Myths and debates swirl around the questions of using robots to automate CNC operations. From “Should we automate?” and “Can we automate?” to “How should we automate?” Are they true or not? Let’s look at a few of the most-discussed topics regarding robotic CNC automation.
“Robotic CNC automation is only for high-volume manufacturing.” That was once the case. Not anymore. The reason robotics was initially consigned to high-volume manufacturing was due to high integration and setup expense. This cost and lengthy robot setup time made it feasible only if the shop produced the same part thousands or hundreds of thousands of times. Robotic automation typically wasn’t considered for production quantities of less than 100,000 pieces just a few short years ago.
The VersaBuilt VBX‑160 machine tending product requires no robot programming, no robot teach pendant, no custom robot grippers and no special training. All photos courtesy of VersaBuilt Robotics
Today, with the flexibility of next-generation technology such as VersaBuilt’s patented MultiGrip Workholding, the high cost and time-intensive set up of traditional robotic automation systems have been drastically reduced. Robotic CNC automation is now affordable for low-volume manufacturing, while, at the same time, dramatically increasing worker output and reliability of the manufacturing processes. New technology allows effective automation of batch sizes as small as 10 pieces. How is it possible? With the VersaBuilt VBX-160 robotic part loader with MultiGrip technology, for example, adding a new part for automation is as easy as cutting a new set of vise jaws. No robot gripper design and no robot programming. MultiGrip technology makes it practical and affordable to use automation in CNC manufacturing where it was simply not possible before.
“We produce only a few parts. We don’t need robotic automation.” Consider the bigger picture. Robotic CNC automation has been demonstrated many times over to increase manufacturing output, ensure higher process precision and reduce errors, while significantly reducing cost and increasing operational profitability. In any size operation, aren’t these the same outcomes every company needs for business sustainability, no matter the number or type of parts?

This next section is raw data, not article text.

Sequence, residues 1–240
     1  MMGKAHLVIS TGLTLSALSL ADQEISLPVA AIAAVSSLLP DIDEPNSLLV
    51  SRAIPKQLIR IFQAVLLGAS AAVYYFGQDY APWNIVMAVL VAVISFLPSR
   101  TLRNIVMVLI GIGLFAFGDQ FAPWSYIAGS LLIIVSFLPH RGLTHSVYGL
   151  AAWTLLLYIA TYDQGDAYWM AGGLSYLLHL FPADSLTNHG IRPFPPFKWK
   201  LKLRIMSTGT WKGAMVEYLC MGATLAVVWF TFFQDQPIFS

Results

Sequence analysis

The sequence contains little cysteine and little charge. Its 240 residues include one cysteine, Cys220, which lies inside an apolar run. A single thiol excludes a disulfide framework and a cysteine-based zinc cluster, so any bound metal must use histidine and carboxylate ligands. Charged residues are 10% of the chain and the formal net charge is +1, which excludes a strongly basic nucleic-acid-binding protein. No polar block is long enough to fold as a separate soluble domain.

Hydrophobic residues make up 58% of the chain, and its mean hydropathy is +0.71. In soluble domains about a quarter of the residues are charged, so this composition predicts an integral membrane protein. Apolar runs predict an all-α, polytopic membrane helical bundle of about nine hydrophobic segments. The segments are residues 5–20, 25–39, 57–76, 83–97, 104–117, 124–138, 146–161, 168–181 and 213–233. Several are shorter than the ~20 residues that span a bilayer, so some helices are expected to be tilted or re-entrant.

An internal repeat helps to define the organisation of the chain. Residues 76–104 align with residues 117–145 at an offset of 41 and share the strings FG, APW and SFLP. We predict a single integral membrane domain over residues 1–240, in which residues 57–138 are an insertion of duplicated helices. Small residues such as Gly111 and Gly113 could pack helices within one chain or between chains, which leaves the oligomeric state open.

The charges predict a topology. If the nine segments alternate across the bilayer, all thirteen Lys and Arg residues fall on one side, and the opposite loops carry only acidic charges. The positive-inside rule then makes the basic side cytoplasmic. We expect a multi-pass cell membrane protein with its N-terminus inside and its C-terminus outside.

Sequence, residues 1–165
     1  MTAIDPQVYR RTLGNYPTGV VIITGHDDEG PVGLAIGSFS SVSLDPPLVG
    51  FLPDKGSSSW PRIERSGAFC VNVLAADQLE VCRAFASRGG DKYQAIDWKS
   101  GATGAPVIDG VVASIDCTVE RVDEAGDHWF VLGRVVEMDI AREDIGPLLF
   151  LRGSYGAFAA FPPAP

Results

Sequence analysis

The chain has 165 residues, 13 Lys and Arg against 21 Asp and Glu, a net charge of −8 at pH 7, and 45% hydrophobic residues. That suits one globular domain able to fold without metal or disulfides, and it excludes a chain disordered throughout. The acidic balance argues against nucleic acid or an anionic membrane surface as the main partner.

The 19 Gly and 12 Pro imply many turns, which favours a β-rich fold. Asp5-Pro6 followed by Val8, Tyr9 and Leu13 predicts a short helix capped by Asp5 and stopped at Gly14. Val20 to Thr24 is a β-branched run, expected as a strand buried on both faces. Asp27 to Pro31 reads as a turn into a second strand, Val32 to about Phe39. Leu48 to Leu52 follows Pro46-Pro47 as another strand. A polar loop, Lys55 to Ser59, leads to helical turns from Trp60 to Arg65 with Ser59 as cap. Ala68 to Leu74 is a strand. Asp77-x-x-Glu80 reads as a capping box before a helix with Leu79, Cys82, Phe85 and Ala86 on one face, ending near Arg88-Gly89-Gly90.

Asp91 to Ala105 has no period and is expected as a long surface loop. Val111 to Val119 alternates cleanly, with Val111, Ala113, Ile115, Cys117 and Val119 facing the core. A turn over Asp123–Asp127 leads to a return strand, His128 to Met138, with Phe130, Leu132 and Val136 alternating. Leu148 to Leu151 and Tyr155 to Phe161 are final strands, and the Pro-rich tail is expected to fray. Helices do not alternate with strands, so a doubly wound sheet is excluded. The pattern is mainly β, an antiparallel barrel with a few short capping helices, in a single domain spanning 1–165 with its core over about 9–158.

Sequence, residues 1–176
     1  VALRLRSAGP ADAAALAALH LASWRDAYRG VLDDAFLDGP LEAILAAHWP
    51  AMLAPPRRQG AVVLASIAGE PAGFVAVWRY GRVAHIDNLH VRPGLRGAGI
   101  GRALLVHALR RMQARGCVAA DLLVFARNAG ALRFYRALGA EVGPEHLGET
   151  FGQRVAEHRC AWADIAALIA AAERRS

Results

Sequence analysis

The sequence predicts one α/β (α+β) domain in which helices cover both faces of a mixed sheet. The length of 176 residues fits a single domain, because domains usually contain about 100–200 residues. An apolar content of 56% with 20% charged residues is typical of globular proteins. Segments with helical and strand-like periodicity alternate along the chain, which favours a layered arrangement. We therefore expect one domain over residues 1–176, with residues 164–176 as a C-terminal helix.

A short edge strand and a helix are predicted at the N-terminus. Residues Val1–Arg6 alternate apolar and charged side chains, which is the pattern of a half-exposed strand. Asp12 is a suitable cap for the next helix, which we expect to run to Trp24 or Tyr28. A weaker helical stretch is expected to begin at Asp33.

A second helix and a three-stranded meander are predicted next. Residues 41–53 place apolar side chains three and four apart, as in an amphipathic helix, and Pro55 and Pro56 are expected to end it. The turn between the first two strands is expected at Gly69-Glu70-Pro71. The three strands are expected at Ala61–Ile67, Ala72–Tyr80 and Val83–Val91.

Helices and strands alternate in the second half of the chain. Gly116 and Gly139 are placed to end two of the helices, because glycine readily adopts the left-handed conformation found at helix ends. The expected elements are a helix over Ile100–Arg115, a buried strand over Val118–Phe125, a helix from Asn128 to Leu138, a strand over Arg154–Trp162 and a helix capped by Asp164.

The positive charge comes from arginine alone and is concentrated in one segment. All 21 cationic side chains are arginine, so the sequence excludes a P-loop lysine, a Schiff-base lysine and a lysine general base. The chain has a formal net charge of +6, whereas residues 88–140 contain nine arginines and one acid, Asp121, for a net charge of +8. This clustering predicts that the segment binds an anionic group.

“Our parts are all different shapes and sizes. It’s not possible to automate affordably.” With next-generation automation technology, a system such as the VersaBuilt VBX-160 robotic part loader handles mixed parts easily, quickly switching between different part shapes and sizes. It eliminates the high costs incurred with older technology to introduce and set up new parts, and the long change-over time needed to produce a different part. The VBX-160 takes about 1 minute to set up the next part to run. Part changeover of both the robot and the CNC is automatically performed. With automatic part changeover, this robot can process multiple part jobs in a single operator load. The flexibility of older robotic automation technology was almost nonexistent when it came to mixed part manufacturing. Next-generation automation technology brings a level of adaptability to mixed part manufacturing that was considered impossible just a few short years ago.
Automation technology creates a better, more satisfying work environment by relieving employees from mundane and repetitive tasks.
“I’ll have to lay off people.” Think back. Haven’t those fears always existed with new technology? For example, in the
transition from manual to computer-controlled machines, mass unemployment was anticipated due to the greater efficiency of the new machines. What actually happened was a huge increase in new jobs, together with a substantial growth in productivity.
Automation technology creates a better, more satisfying work environment by relieving employees from mundane and repetitive tasks, along with the ability to increase knowledge and learn new skills. (This is not to mention the fun of operating a robot, which in itself may be rewarding enough for many employees). Valuable staff will be retained longer and they will be more satisfied and productive at work.
There’s another problem: the inability to find workers. When I ask shop managers to describe their biggest headache, the No. 1 response I get is, “I can’t find enough qualified workers.” What about your operation? Skilled, reliable labor needed to run your production is in short supply. Robotic automation helps solve that.
As an example from my own experience, a single operator can typically tend to eight VBX-160s to run 24 hours of production. Assuming one operator for every two CNC machines, it would take 12 operators to achieve an equivalent level of production. Those are the same employees you can’t find. Or those who will decide to leave your shop for another job (or those you wish would leave). The robot is reliable and will work 24 hours a day, 7 days a week without
complaints. It’s a much better plan for long-term viability. Automation will free up your employees for higher-value, more satisfying work while you’re growing your operation.